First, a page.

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November 25, 2021

President signs Trone’s COPS Act

Credit: The Garrett County Republican

WASHINGTON, D.C. — U.S. Rep. David Trone’s Confidentiality Opportunities for Peer Support Counseling Act was signed into law by President Biden on Nov. 18.

The law will improve mental health care for first responders by creating more peer counseling programs and clear standards of confidentiality.

“This is a worthy victory in the fight to end the stigma surrounding mental health,” said Trone, D-Md. “Tragically, Officer Bomba’s story is not unique. Our first responders experience more trauma in one week than the average person does in a lifetime.

“The COPS Counseling Act ensures that every first responder has a safe space to deal with the stress and pressure of their jobs. The benefits of this legislation are two-fold: it will help our frontline officers access resources to improve their mental health, and it will certainly lead to better policing and safer communities. We must do right by our first responders and the legacy of Officer Bomba. This bill will do just that.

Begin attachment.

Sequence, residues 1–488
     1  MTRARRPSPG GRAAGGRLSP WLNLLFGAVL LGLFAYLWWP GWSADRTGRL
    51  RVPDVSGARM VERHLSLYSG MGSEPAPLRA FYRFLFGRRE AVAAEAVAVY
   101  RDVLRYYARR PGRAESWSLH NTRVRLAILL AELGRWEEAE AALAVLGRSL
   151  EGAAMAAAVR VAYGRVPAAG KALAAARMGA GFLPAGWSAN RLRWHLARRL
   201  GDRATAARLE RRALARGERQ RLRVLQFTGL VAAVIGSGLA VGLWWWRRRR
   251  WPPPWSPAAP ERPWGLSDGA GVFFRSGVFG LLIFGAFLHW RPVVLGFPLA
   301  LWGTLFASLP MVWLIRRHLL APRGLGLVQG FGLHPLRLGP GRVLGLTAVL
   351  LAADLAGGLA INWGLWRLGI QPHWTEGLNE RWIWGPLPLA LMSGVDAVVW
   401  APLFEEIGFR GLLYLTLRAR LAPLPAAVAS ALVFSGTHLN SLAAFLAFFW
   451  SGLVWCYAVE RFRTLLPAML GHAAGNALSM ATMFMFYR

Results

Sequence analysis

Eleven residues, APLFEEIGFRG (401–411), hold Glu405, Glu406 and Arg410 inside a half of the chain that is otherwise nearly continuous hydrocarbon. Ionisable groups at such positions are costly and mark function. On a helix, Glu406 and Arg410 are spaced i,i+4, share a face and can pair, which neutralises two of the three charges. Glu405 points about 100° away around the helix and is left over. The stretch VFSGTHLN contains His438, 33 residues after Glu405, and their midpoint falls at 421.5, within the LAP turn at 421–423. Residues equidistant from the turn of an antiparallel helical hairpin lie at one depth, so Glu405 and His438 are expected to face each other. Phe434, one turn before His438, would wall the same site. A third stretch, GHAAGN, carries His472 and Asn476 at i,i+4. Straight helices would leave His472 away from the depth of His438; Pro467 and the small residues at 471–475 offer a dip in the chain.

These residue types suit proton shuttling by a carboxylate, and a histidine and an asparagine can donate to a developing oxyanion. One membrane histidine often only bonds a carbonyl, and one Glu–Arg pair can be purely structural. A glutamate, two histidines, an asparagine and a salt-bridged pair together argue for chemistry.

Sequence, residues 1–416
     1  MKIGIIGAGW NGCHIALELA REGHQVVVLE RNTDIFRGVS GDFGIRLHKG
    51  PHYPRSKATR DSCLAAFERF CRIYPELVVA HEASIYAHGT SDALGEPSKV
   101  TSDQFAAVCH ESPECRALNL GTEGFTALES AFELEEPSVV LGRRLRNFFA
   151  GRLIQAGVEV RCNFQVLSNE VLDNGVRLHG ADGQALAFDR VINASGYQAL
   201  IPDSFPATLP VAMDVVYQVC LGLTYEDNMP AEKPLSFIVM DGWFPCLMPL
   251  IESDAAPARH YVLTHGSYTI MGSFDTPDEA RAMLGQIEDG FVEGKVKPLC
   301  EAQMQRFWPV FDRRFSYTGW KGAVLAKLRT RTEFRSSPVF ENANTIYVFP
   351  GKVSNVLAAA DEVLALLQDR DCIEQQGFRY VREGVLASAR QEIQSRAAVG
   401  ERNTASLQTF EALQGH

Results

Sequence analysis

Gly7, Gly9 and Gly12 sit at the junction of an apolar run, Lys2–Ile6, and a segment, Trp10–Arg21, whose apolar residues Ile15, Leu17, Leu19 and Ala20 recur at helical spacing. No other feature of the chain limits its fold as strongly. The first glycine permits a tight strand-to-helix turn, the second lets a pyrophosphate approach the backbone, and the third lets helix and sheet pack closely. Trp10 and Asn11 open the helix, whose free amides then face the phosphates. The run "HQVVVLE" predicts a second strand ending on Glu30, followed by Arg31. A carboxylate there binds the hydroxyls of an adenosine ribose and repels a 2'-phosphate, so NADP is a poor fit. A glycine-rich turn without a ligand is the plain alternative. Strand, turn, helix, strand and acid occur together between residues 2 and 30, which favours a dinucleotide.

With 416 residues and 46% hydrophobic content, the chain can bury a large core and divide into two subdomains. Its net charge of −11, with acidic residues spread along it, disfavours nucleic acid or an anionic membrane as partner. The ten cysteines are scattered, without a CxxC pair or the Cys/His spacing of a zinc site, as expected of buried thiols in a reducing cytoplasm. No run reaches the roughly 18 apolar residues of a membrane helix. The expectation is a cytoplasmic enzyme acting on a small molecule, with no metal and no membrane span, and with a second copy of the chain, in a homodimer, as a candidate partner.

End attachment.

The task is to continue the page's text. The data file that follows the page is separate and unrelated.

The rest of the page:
“Removing the stigma associated with mental health support is incredibly important to me. One of the most affected yet largely ignored communities is first responders, who experience more trauma in one week than the average person experiences in a lifetime. That’s why I introduced the COPS Counseling Act to help reduce the stigma surrounding mental health support and make mental health resources more accessible. Through the improvement of confidentiality measures in peer support counseling, these programs can be a valued mental health resource for all officers in Garrett County,” Trone said.

Research shows that the vast majority of public safety officers view peer support as the most helpful mental health resource. Right now, many people don’t take advantage of this service due to confidentiality concerns. The COPS Counseling Act changes that by improving confidentiality measures in peer support programs. By prioritizing the mental health and well-being of our first responders, we are also prioritizing the safety of our whole community.

The COPS Counseling Act was written after the suicide of Montgomery County police officer Thomas “T.J.” Bomba in 2019. Following his death, Trone held a roundtable on improving mental health care for first responders to discuss how he could provide support, and the COPS Counseling Act was born. Now, just one month after the two-year anniversary of Bomba’s death, the bill was signed into law.